Cana founder predicted State’s need to come to terms with divorce

Mgr Charles Vella’s enlightened comments on divorce have come back to haunt him.

Years ago, when divorce was a but a twinkle in the eye of a handful of liberals (or so many thought…) people like Milan-based Vella, 83, relished in saying brave things such as this:

“I keep reading that marriages in Malta will disintegrate if there is divorce, but it didn’t happen in Italy. In the first couple of years, the divorce rate (in Italy) rose because there were people waiting for years to get it. But now the figures have levelled out. It’s not increasing.”

That, he told to The Times in an interview in 2009. As the founder of the Cana movement (he was a mere 20 at the time), the Church’s affiliate in marriage preparation for Catholics, he certainly shook the conservative gatekeeper of the Maltese archdiocese.

“Does it not occur to him that once divorce legislation is introduced (which means therefore that marriage does not remain a lifelong commitment), couples would take their marriage preparation more lightly?” Pro-Vicar General Anton Gouder asked, claiming that the Italian divorce rate had increased by 74% (reported by The Times in 2009).

What Gouder omitted at the time was the declining marriage rate in Italy, down to 4.3 for every 100,000 people in 2004 from 5.6 in 1990. And that may be something infinitely more worrying than marital discord – especially as Prime Minister Lawrence Gonzi is getting ready to embark on a drive to regularise cohabitation rights for unmarried partners. Whether these new rights will be available to separated spouses living with a new partner is a moot point.

Now Vella’s unedited comments are being ‘used’ – relayed – by the pro-divorce movement Iva in a TV spot that asks voters ‘if they’ll be voting yes’ (see the video on’s divorce newsblog).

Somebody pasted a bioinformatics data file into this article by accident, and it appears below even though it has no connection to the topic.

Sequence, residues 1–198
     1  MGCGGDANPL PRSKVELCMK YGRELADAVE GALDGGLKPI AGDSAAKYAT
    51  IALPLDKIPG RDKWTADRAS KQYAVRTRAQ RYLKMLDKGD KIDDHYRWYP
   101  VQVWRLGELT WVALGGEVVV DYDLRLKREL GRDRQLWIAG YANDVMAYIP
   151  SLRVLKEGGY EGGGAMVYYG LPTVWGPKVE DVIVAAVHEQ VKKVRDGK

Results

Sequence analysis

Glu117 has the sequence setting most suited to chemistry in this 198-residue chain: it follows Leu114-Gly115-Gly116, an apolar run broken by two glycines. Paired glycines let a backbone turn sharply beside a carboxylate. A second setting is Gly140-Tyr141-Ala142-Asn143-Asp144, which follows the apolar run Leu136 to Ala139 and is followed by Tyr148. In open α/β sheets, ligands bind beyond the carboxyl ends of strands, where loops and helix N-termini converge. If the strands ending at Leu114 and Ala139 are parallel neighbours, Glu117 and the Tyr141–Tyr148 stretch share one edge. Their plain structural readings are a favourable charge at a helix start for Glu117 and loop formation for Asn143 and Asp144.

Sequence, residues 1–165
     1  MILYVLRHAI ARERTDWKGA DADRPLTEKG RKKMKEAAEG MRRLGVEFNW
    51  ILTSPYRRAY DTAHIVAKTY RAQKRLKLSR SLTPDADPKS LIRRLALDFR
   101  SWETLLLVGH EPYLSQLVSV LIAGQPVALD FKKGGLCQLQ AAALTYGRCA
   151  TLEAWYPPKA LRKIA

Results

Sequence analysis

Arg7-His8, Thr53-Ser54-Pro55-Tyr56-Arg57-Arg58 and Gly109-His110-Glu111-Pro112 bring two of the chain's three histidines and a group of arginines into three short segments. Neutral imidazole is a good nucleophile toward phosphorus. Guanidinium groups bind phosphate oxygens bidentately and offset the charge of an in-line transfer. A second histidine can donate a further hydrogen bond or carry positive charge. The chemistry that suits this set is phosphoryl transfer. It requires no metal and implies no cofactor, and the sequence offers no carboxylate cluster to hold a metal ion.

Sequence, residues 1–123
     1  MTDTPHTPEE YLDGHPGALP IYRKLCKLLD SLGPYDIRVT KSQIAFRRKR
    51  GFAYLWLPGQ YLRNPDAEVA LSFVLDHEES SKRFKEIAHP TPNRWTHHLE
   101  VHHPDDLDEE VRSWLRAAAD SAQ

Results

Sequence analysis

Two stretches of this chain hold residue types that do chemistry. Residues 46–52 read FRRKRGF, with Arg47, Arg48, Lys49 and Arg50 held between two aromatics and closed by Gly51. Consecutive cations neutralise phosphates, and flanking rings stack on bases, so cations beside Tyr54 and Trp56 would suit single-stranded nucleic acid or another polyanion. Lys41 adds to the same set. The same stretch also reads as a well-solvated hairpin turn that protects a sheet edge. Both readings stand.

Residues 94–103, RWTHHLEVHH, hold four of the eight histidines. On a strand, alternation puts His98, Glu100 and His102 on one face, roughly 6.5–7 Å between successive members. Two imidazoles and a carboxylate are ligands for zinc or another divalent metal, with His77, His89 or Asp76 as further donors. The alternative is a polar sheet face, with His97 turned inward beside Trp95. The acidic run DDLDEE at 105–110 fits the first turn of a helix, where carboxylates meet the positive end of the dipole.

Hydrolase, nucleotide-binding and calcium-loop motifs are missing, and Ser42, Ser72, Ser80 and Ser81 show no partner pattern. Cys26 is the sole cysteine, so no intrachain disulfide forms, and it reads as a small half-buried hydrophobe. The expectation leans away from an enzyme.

“Very often their first marriage was a mistake; they want a more stable and happy second marriage. If we prepare couples well for marriage then we shouldn’t be afraid. The introduction of divorce doesn’t scare me…

“I feel these members need healing and my theory is that while divorce from the Catholic viewpoint is considered a menace for the stability of marriage it does not mean it’s going to wreck marriages. If we build our marriage on rock and not on sand, the Christian family will become stronger.”

Alerted to the TV spot, ostensibly by Zwieg bla Divorzju (his lawyer happens to be Dr Robert Tufigno, one of the anti-divorce campaigners) the Broadcasting Authority have controversially censored the video.

But Vella’s comments have also exposed an ideological fissure between conservatives and… not-so-conservatives.

Vella of course disagrees with divorce. In an interview with MaltaToday in 2005, he said it “divides families and hurts children” and he disagreed with remarriage, but that he understood those who find a partner with whom they spend the rest of their life after marriage break-up.

Why? Perhaps it was because one of his good friends is Italian singer Albano Carrisi, who divorced his singing partner Romina Power in 1999 after 30 years on the stage with him. Talk about second chances: Vella was an intimate friend of Bettino Craxi, who absconded Italian justice when he fled to Hammamet in Tunisia during the mani pulite investigations. He criticised Italian President Ciampi as “heartless” for refusing to authorise Craxi’s return to Italy to get cured by Professor Rigatti in San Raffaele – where he worked – in Milan. Craxi ended up dying in exile in Tunisia.

Vella himself is not a fan of referenda on divorce. In 1974, the Christian-democrats failed to win a referendum intended to abrogate the 1970 law that had been voted in parliament (under a DC-led government) by a disparate coalition of communists, socialists and other liberals.